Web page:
Writing, in a multitude of styles, is one of the focal points of a high school education. Intertwined with practical assignments and summative assessments in classes such as English and social studies, improving one’s writing is essential to maintaining desired levels of results in courses.
However, creative writing is a style specific to English class and even so it is only a portion of the curriculum. In an effort to give passionate, creative writing students an opportunity to further their skills, Writers Seminar is held every year for a select group of 12 Grade 11 and 12 students. The group of students meet every Tuesday evening with Ben Faccini, author of novels The Water-Breather, The Incomplete Husband, and more. Within the seminar, they critique each other’s work, take part in writing exercises, and prepare for public readings of their pieces.
For Faccini, an established writer and former employee for UNESCO and UNICEF, the seminar is a place for students to receive help on developing their craft. “I think it’s absolutely ideal, because there’s a maturity and there’s a desire to write with high school students and also there isn’t that pressure of whether it will be published,” he said. “They’re exploring language, they’re exploring to a certain degree who they are, and what their voice is.”
Echoing Faccini, Writers Seminar participant Gabi Jannsen (’18) thinks that working with an external author has helped her foster her passion for writing in a way not possible in regular academic classes. “[Faccini] has really interesting perspectives on how to write things,” she said. “He’s been really helpful and very supportive of all of us even when we have really weird ideas.”
After submitted work is anonymously evaluated by the English Department and Faccini, the 12 chosen students work together over the course of the school year, giving three public readings during that time. A benefit of the seminar is that it focuses directly on building the writing-specific skills that can’t be balanced within the school’s curriculum, like finding a tone or personal style. “When people start writing initially at the beginning of the year, they perhaps sort of mimic or imitate certain styles, maybe it’s a book they’ve been reading, or maybe they just have a way of expressing themselves which doesn’t feel completely their own,” Faccini said. “And then over the course of the year, you get to identify who’s who, it becomes individualized language.”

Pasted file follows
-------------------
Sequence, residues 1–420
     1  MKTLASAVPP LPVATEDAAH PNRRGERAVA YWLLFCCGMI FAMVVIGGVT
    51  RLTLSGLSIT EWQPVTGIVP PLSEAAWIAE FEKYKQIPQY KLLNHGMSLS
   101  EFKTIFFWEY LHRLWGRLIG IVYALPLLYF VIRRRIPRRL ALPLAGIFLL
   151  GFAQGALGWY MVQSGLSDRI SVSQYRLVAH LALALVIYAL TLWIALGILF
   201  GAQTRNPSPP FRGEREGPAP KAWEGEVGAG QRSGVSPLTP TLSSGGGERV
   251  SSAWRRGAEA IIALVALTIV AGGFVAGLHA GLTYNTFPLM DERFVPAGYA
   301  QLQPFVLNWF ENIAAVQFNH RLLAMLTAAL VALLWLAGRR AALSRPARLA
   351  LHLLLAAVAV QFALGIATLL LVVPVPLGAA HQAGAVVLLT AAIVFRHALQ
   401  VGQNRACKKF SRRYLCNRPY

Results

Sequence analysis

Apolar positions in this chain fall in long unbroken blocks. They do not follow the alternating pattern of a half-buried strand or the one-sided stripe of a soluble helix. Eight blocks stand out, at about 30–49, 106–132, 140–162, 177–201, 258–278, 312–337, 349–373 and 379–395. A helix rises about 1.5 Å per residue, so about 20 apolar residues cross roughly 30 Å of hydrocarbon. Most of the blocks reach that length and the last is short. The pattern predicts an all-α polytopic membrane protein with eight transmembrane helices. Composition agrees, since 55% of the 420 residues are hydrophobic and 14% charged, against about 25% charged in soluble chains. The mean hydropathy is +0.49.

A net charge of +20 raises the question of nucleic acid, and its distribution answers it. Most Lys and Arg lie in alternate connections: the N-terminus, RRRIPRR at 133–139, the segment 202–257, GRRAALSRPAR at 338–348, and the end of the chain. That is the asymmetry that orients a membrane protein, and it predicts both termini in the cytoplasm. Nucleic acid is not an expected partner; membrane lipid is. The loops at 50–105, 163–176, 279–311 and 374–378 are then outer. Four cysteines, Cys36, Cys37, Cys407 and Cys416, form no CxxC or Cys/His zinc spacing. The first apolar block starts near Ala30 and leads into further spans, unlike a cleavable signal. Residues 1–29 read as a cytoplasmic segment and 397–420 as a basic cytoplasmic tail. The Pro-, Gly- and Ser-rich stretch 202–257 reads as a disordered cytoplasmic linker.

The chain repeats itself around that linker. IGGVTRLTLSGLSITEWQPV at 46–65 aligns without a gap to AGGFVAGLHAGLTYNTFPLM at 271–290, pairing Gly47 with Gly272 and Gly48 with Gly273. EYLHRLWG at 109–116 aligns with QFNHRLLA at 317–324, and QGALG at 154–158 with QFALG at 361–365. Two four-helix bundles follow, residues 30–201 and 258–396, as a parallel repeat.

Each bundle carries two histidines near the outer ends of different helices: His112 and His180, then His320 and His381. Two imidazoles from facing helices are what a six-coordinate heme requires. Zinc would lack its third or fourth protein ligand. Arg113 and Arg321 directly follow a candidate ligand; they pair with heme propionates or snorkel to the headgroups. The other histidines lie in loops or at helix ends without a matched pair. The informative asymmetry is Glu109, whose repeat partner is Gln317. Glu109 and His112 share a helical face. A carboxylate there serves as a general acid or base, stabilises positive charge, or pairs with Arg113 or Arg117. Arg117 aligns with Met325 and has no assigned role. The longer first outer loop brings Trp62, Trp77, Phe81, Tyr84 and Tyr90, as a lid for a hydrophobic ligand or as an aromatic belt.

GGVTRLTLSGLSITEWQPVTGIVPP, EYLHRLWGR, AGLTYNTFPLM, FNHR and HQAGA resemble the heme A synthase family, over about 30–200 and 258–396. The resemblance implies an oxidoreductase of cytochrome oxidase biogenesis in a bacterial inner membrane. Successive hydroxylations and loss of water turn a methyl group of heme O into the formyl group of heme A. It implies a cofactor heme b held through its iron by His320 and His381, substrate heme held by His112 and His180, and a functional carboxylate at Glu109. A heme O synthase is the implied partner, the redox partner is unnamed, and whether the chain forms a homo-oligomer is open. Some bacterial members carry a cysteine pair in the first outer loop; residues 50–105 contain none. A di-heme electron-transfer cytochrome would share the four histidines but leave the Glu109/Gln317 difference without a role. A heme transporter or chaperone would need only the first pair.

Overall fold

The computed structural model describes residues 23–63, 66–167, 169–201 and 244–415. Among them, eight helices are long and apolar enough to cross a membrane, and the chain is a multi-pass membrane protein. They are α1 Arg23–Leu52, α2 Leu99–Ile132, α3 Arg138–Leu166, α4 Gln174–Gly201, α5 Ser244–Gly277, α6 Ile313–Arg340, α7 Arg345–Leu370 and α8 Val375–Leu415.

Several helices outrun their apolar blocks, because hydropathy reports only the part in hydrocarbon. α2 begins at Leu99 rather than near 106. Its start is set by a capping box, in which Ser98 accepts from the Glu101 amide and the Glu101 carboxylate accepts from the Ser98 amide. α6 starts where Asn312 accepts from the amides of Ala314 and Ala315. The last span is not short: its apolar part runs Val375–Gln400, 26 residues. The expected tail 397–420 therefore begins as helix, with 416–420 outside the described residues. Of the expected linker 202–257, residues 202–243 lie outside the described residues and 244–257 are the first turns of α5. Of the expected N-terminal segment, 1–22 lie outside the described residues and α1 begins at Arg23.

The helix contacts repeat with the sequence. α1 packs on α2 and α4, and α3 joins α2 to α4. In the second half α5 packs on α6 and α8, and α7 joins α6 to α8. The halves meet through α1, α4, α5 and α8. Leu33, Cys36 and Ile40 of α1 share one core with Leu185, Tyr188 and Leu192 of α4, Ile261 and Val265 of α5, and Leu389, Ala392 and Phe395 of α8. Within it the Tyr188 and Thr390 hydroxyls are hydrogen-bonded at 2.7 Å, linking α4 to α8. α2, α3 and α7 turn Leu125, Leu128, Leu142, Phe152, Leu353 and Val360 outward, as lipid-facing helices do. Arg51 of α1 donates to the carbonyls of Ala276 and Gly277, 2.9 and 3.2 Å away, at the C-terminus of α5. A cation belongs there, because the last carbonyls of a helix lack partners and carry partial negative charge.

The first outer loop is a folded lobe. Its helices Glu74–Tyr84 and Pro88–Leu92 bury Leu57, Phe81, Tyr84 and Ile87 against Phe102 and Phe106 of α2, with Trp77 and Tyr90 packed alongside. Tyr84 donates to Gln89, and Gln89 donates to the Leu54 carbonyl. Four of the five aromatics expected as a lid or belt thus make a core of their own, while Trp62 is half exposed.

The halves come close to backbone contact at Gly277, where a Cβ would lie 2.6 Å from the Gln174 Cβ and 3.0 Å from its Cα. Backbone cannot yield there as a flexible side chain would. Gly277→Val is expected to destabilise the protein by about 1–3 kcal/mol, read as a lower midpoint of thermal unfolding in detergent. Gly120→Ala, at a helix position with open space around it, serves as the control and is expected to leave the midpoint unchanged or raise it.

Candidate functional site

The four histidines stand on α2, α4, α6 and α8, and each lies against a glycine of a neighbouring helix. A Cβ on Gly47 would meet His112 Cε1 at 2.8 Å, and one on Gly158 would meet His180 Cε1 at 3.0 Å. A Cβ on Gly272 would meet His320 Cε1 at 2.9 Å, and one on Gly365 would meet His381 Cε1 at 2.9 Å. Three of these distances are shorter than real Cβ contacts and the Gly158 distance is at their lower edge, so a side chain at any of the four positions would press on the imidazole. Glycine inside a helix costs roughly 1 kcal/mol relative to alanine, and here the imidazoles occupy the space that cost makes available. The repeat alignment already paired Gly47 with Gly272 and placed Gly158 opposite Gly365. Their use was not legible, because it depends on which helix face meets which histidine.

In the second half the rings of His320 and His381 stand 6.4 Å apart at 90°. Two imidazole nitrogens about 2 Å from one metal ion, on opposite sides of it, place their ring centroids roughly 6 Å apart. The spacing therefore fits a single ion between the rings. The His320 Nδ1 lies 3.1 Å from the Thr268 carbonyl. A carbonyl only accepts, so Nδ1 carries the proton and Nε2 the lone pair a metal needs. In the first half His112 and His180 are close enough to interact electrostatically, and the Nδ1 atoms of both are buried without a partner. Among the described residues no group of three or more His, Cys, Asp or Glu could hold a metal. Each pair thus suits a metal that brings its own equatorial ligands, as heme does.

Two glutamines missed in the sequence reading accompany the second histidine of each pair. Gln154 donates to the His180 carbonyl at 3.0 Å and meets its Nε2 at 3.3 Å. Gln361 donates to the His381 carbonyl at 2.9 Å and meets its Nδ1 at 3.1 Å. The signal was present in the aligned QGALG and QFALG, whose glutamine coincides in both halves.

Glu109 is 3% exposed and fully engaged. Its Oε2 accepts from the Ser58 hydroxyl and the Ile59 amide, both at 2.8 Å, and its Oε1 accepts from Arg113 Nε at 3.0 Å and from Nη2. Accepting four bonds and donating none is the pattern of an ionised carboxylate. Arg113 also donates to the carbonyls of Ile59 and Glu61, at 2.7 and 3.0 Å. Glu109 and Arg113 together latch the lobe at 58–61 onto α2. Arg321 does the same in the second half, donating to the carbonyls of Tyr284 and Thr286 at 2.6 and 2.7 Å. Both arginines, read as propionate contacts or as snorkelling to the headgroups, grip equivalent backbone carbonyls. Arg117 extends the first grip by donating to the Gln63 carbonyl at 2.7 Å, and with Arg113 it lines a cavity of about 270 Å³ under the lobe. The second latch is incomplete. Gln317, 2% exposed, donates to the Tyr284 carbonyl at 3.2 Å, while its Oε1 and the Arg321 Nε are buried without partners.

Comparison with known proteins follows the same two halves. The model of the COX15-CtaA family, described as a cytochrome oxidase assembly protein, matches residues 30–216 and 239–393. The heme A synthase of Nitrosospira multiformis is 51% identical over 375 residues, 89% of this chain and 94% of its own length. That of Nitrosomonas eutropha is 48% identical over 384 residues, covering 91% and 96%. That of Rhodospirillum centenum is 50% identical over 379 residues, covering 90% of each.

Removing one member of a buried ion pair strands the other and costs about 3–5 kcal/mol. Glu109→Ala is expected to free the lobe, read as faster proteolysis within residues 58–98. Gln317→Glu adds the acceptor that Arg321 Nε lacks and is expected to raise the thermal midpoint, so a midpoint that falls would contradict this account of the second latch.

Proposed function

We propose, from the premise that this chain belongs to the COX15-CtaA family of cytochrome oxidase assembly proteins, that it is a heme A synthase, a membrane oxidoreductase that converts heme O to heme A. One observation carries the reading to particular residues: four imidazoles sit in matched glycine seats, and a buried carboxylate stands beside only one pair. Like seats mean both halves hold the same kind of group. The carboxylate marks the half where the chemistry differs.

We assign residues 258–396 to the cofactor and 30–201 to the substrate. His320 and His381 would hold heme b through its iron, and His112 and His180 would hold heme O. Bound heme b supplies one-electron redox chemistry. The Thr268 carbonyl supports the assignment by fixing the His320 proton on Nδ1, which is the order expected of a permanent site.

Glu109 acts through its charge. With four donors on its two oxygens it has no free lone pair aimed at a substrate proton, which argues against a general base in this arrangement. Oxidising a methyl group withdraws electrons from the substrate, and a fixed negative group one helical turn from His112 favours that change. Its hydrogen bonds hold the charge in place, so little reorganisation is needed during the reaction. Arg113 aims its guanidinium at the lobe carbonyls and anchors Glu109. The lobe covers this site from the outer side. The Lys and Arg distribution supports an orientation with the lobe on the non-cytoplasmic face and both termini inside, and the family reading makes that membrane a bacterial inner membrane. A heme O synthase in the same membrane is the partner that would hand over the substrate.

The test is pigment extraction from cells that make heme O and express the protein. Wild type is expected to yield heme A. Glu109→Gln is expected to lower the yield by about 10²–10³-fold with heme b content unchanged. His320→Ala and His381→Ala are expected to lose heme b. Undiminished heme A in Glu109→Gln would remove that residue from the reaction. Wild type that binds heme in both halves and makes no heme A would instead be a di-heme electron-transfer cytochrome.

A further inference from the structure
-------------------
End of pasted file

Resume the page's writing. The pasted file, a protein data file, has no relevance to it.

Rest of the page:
Similar to Janssen, Writers Seminar participant Annie Thompson (’18) feels that having the group work outside of the school schedule and with an external author enhanced the learning environment. “I think it’s nice to be working with someone outside of school because he’s not really as in tune with the ASL environment,” she said. “It’s a nice to have a person with a different perspective.”
For Thompson, Writers Seminar has given her a place to progress in an interest that began the year before. “I only ever started doing creative writing in Grade 11 because in my English class the final assignment was to write a short story,” she explained. “I was happy to be in Writers Seminar this year because it has allowed me to work on my creative writing a lot more.”
Similarly, Janssen believes that her public speaking ability has improved through the readings with Writers Seminar. “It’s improved my confidence just because I never really shared my writing before,” she said. “But reading it out-loud and having your face actually attached to the piece is a very different experience and it kind of makes you care a bit more because you really want to be proud of it.”
Developing useful school-related skills is a part of the seminar, and Thompson explained how the process of preparing a piece for a reading has not only refined her writing but also taught her to work with deadlines. “I’ve learned how to write in different styles, and also having to crank out creative writing for these readings with other busy stuff going on has taught me how to edit a lot because we have to do them quite quickly,” she said.
Moreover, Janssen said that the exercises and work within the seminar are applicable to her writing in school. “It was kind of nice to use the skills that I learned in ‘Writers Sem’ and bring them directly to my English class,” she said. “I am a bit better about making sentences that flow well together and ordering things in a way that makes sense.”
Looking towards the turn over in the group of students, rising Grade 11 and 12 students were selected for next school year’s group on May 15, and will begin in September. The students selected include:
Thalia Bonas (’20)
Laura Boyle (’20)
Alexandra Gers (’19)
Sana Jumani (’20)
Nadeen Kablawi (’19)
Isabelle Lhuillier (’20)
Theo Longboy (’19)
Kendall Lubkeman (’19)
Lila Nader (’19)
Isabel Rosen (’19)
John Towfighi (’20)
Imogen Weiss (’20)
Meanwhile, this year’s group have their final reading tonight, May 17, in the Mellon Library from 6:30 p.m.
Closing another year of the seminar, Faccini remarked that those thinking about getting involved with writing have many ways to begin exploring their creativity. “Observe the world. Think about how you might look at things or why your way of looking at things is slightly different from other people,” he said. “What I find amazing is the different points of view, it’s actually very stimulating to come in every week and be with young people who are really into writing and who have different opinions and slants on life and ways of seeing things, because I think writing is very much about how you see things.”
Editor’s note: Lead Features Editor John Towfighi reported and wrote this article before being aware that he was selected to be a part of the seminar for the 2018-19 school year.